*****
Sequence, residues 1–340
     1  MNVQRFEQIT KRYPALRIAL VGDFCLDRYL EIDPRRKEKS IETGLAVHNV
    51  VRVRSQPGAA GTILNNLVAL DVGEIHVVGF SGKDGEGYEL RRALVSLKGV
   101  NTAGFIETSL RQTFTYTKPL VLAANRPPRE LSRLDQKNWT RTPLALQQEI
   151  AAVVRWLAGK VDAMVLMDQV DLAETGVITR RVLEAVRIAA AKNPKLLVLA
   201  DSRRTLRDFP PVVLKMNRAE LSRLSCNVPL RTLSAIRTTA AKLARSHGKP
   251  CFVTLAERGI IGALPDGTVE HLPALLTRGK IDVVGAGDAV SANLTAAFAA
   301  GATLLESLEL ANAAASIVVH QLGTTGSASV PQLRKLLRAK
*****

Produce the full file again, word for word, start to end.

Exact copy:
Sequence, residues 1–340
     1  MNVQRFEQIT KRYPALRIAL VGDFCLDRYL EIDPRRKEKS IETGLAVHNV
    51  VRVRSQPGAA GTILNNLVAL DVGEIHVVGF SGKDGEGYEL RRALVSLKGV
   101  NTAGFIETSL RQTFTYTKPL VLAANRPPRE LSRLDQKNWT RTPLALQQEI
   151  AAVVRWLAGK VDAMVLMDQV DLAETGVITR RVLEAVRIAA AKNPKLLVLA
   201  DSRRTLRDFP PVVLKMNRAE LSRLSCNVPL RTLSAIRTTA AKLARSHGKP
   251  CFVTLAERGI IGALPDGTVE HLPALLTRGK IDVVGAGDAV SANLTAAFAA
   301  GATLLESLEL ANAAASIVVH QLGTTGSASV PQLRKLLRAK